Family uses horses to mix past with present

DAVIDSON, Sask. — Sunshine and a warm winter’s day have the O’Briens thinking of spring. Eyes light up thinking of branding time and the taste of prairie oysters on the central Saskatchewan farm.

“Everyone fights over them out here,” said Melanie O’Brien. “We shake and bake them.”

Her father-in-law, Don O’Brien, likes to throw them on the branding pot with butter and salt.

“It’s good stuff,” said Melanie’s husband, Michael.
A January cold snap has temporarily lifted so everyone is energized.

“You can see the excitement in the animals too. It’s funny. Even this morning, letting the horses out of the barn, everyone bucking and running around because it feels like spring out,” said Melanie.

Don is helping with the morning chores feeding the farm’s 200 Black Angus cows and 11 horses while Michael recuperates from knee surgery after being kicked by a cow.
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“If we go on a trip or go to visit family, he steps in. We wouldn’t be able to go anywhere had it not been for him,” said Melanie.

Horses have been part of the O’Brien lifestyle in Canada since Don’s grandfather emigrated from England to homestead near Elbow, Sask., in 1907. Michael is the fourth generation to use horses to do chores.

“We mix the past with the present. We just like horses and use them as much as we can. I grew up with it and just like being outside. It’s cheaper using the horses and a lot more fun,” said Michael.

Don said they are a lot easier to work with than the tractor, especially in winter.

“You don’t have to mess around plugging them in. You go to the barn and harness them up and they’re ready to go,” he said.

He harnesses and hooks up two Fjord Belgium-cross horses to the homemade bale sleigh to pull round bales to the field.

The family’s 4020 John Deere tractor is fired up every few weeks to grind feed.

“Some guys say you can only feed so many cows with a horse but I can do the chores in the same amount of time as it takes with a tractor,” said Michael.

A shared love of animals and competition brought together Michael and Melanie, who met at a rodeo where Michael was driving chuck wagon ponies.

Melanie grew up in Prince Albert, Sask., but craved a farm life and bought a horse after graduation.

“It was a hobby I pursued on my own. I wouldn’t give it up for the world,” she said.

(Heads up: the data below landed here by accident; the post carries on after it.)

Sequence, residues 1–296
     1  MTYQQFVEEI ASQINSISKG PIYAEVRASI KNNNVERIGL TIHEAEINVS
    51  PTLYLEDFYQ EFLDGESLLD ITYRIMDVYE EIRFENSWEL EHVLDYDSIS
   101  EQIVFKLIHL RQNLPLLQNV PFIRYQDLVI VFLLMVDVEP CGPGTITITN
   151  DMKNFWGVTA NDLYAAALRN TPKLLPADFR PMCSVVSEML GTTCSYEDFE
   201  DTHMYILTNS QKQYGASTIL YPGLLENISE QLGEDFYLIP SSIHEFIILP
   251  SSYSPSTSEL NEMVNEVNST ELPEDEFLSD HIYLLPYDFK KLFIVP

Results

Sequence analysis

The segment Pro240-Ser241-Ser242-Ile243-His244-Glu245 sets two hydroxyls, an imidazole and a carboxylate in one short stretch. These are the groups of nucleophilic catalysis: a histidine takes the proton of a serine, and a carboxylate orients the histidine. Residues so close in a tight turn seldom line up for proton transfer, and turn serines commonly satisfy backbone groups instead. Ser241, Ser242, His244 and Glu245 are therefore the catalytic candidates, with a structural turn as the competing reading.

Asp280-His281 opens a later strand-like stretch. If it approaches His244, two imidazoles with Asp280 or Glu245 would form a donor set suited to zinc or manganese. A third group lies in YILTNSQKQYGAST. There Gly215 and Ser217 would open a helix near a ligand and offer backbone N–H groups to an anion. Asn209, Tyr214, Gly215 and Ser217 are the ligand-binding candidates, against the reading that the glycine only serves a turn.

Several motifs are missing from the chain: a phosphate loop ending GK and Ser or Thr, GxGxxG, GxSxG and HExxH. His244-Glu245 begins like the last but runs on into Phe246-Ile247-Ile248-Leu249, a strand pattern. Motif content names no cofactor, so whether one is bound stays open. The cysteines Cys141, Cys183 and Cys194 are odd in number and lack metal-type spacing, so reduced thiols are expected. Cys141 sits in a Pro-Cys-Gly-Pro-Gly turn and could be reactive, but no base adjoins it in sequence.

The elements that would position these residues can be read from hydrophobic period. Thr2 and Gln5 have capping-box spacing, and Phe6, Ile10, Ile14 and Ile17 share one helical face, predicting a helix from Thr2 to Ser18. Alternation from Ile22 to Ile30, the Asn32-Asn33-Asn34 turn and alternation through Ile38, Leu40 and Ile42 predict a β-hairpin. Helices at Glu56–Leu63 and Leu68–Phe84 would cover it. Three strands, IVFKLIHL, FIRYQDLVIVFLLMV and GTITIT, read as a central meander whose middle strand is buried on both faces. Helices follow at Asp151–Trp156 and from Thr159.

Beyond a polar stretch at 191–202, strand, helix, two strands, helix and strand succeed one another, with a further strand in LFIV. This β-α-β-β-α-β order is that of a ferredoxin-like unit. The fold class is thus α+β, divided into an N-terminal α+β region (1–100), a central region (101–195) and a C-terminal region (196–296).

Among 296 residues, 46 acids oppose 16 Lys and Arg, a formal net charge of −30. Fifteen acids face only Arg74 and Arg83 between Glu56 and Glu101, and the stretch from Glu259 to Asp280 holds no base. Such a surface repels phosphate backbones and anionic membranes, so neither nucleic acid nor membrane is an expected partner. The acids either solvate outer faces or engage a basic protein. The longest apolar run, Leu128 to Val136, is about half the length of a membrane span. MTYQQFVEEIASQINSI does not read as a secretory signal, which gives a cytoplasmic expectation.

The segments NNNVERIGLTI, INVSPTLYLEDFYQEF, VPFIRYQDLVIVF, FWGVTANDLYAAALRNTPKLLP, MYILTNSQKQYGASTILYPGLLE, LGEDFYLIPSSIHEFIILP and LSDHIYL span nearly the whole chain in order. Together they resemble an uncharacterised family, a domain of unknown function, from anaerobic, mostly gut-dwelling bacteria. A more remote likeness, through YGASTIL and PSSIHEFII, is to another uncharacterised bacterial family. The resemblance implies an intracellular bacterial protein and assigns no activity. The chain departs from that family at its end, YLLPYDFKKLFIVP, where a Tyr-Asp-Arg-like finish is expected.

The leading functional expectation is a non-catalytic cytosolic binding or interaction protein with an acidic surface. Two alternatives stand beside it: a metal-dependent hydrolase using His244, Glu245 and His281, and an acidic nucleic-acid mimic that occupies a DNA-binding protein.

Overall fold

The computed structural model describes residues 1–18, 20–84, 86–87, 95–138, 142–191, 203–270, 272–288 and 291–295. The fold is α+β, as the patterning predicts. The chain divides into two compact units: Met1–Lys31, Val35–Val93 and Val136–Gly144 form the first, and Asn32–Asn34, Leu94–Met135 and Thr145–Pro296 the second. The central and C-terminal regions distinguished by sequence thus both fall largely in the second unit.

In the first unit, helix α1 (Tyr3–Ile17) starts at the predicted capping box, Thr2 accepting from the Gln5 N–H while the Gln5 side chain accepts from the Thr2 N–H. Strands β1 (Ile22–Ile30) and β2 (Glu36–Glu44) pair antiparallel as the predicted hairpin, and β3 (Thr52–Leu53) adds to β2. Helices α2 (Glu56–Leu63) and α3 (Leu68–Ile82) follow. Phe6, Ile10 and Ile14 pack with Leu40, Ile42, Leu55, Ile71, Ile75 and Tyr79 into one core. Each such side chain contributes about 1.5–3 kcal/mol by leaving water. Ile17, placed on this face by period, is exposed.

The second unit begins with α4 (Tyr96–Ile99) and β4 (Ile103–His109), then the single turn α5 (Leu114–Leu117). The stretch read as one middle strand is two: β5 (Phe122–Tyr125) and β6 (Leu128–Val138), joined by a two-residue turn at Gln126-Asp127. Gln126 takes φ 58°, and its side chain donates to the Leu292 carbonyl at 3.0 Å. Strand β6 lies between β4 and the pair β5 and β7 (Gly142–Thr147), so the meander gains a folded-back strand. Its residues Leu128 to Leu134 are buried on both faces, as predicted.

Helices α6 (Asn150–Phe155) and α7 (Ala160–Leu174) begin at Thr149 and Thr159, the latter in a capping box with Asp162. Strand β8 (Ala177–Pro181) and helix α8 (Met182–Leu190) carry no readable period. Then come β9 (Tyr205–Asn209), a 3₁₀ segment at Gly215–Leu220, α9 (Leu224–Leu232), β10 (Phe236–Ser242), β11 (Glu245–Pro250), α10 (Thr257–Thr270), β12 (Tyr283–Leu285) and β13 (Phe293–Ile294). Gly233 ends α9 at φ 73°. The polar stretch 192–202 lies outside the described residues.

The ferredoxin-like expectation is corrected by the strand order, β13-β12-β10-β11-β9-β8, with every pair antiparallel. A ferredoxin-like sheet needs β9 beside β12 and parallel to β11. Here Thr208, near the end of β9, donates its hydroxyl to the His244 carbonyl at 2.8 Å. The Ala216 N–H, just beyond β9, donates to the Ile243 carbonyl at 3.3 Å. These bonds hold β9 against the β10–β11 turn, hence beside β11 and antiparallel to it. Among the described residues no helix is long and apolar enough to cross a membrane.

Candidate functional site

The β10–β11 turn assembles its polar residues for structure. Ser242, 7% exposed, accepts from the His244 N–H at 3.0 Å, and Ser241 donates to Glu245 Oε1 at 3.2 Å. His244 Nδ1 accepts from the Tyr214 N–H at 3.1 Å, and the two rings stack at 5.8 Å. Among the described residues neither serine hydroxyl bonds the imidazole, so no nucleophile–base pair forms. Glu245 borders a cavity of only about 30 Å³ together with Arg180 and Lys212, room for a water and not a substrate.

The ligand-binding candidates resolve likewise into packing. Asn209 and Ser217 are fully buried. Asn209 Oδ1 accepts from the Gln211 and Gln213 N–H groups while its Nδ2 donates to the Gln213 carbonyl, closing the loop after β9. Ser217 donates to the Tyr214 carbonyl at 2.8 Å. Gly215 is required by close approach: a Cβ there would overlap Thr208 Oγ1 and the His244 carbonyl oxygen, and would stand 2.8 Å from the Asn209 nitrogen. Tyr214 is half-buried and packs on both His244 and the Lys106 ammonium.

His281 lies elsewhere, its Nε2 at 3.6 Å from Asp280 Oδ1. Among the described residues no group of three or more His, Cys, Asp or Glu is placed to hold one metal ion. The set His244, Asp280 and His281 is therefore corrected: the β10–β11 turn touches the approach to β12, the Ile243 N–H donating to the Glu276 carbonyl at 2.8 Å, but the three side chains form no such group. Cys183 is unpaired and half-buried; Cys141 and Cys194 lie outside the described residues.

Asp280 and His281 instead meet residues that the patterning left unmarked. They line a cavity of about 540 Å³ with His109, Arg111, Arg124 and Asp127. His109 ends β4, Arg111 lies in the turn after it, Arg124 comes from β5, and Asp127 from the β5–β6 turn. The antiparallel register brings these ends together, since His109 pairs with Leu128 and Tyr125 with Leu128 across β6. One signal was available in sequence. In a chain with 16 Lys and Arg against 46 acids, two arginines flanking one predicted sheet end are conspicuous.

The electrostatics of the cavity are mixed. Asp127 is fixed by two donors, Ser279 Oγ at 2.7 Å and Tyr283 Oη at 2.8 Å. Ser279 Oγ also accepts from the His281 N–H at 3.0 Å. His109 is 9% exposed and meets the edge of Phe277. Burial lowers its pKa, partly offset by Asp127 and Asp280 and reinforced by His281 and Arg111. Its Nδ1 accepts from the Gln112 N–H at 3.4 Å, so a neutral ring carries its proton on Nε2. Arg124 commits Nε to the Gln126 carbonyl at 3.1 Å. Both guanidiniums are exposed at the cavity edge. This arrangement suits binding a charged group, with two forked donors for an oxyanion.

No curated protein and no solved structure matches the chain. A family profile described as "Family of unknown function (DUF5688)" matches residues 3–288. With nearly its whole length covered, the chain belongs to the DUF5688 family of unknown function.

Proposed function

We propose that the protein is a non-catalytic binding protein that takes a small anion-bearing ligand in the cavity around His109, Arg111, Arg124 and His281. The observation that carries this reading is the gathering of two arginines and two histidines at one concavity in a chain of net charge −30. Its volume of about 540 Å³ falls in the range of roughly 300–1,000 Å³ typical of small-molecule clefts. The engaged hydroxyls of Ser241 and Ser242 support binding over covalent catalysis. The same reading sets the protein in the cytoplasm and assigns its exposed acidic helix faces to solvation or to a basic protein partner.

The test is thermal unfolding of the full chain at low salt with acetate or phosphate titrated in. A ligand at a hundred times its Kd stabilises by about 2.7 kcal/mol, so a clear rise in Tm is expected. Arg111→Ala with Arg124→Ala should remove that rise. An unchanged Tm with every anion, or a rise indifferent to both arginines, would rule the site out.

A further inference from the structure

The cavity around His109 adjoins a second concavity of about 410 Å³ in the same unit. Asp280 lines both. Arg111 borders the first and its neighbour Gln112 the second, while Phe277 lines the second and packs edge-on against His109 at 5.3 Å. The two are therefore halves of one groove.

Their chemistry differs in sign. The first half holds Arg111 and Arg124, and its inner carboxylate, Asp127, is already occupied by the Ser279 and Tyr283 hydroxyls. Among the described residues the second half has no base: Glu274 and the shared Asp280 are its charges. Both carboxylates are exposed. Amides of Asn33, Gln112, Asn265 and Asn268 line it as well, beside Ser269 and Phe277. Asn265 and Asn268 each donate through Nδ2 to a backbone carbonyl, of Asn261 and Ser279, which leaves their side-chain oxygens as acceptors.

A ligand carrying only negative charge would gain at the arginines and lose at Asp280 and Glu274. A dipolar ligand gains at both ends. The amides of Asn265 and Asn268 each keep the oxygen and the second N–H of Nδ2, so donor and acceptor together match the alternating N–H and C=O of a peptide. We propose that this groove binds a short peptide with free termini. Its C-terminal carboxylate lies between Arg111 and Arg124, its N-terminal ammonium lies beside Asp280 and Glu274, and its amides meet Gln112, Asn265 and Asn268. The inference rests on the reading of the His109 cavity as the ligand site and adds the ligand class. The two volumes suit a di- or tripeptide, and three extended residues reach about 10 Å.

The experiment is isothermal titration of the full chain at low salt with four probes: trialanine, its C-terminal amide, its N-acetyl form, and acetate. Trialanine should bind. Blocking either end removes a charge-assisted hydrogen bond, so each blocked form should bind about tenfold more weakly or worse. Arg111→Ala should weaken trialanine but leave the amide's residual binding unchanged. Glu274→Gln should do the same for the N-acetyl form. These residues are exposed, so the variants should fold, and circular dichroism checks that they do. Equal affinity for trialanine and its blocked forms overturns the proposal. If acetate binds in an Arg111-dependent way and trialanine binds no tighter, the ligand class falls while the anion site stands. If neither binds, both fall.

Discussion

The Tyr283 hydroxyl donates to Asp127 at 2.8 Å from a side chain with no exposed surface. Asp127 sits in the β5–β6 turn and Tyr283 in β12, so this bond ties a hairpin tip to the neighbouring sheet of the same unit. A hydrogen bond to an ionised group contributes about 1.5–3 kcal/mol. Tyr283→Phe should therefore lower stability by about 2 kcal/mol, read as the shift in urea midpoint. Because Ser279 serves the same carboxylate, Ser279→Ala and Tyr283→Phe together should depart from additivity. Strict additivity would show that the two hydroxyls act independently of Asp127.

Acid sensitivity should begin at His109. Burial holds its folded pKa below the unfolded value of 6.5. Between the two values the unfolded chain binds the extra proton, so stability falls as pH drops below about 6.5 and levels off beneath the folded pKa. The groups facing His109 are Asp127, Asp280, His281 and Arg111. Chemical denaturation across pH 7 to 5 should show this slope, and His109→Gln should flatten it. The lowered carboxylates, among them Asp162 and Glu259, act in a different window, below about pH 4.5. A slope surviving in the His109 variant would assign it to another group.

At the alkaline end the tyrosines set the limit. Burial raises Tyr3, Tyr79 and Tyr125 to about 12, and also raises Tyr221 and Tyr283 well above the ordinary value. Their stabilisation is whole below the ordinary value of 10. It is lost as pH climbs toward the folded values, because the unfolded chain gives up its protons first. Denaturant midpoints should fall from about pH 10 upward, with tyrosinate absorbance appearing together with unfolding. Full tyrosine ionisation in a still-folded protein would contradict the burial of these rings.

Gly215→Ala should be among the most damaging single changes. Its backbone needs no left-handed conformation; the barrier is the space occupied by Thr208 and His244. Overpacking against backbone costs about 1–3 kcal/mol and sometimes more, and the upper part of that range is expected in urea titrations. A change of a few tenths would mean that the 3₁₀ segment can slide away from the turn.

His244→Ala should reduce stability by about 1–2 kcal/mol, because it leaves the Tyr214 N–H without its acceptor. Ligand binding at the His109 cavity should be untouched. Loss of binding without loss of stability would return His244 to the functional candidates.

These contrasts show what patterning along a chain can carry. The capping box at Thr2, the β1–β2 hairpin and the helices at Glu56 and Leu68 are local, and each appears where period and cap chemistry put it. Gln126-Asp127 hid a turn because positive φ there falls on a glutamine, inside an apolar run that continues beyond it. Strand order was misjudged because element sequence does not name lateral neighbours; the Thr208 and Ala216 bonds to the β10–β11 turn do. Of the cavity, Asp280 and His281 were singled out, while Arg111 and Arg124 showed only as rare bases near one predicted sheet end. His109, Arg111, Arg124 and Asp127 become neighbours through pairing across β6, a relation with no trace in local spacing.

After years of travelling on the rodeo circuit and working for different ranching operations throughout the province, the O’Briens are happy to be farming with their three children.

They purchased the land in 2006 and started a cow herd when prices were good for buying land but depressed for cattle.

“A guy’s been fighting a losing battle until this year. Hopefully this year, things are picking up,” said Michael

They own and rent more than four quarters of land. About half the cows go to a community pasture north of Davidson, the other half go to the provincial park and some remain on rented land.

They harvested 1,300 round bales last year and expect to use about half that number this winter.

The children attend school in Davidson and Melanie keeps busy taking the children to dance lessons, hockey, swimming and 4-H.

“You have to be an outdoors person and enjoy working with animals and want your kids raised in a big wide open area,” she said.

“It’s definitely a lifestyle you’ve got to like. For me, I don’t think you can find a better one to raise a family,” said Michael.

Melanie also works part-time as a school bus driver and care assistant at the Davidson hospital.

Michael would like to expand the herd this spring but it will depend on prices.

“We increased a bit more this year but we haven’t got near enough cows to raise the family on. We would need about 250 cows,” he said.

“Ranching, you don’t get rich,” he said. “You have to enjoy the lifestyle.”
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